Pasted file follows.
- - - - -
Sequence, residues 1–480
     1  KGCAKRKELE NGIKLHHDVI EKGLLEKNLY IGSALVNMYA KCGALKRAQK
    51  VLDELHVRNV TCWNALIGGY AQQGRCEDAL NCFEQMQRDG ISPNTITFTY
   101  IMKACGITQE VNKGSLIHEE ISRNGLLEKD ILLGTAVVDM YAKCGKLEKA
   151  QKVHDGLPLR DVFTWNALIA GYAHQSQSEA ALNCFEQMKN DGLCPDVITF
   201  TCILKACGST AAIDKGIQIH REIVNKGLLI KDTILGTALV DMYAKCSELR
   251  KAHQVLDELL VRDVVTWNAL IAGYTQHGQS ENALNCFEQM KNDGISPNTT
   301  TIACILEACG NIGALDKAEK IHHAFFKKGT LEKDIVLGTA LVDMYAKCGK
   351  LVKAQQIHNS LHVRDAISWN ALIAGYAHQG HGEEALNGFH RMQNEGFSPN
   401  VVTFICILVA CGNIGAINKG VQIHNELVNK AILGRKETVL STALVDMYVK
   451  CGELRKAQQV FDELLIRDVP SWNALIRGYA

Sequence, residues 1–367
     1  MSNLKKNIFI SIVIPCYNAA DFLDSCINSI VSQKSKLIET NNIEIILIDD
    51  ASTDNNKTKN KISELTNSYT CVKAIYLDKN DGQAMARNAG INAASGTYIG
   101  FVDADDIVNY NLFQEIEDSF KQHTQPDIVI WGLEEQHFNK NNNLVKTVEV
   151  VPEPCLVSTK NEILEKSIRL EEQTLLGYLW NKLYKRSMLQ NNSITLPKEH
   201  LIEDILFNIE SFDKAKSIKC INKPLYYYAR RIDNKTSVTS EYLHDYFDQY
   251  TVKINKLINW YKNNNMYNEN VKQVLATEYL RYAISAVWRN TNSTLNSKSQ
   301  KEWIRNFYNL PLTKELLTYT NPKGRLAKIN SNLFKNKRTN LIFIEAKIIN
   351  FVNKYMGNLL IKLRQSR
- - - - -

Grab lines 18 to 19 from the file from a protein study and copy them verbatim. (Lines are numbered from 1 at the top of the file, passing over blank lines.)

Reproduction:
   251  TVKINKLINW YKNNNMYNEN VKQVLATEYL RYAISAVWRN TNSTLNSKSQ
   301  KEWIRNFYNL PLTKELLTYT NPKGRLAKIN SNLFKNKRTN LIFIEAKIIN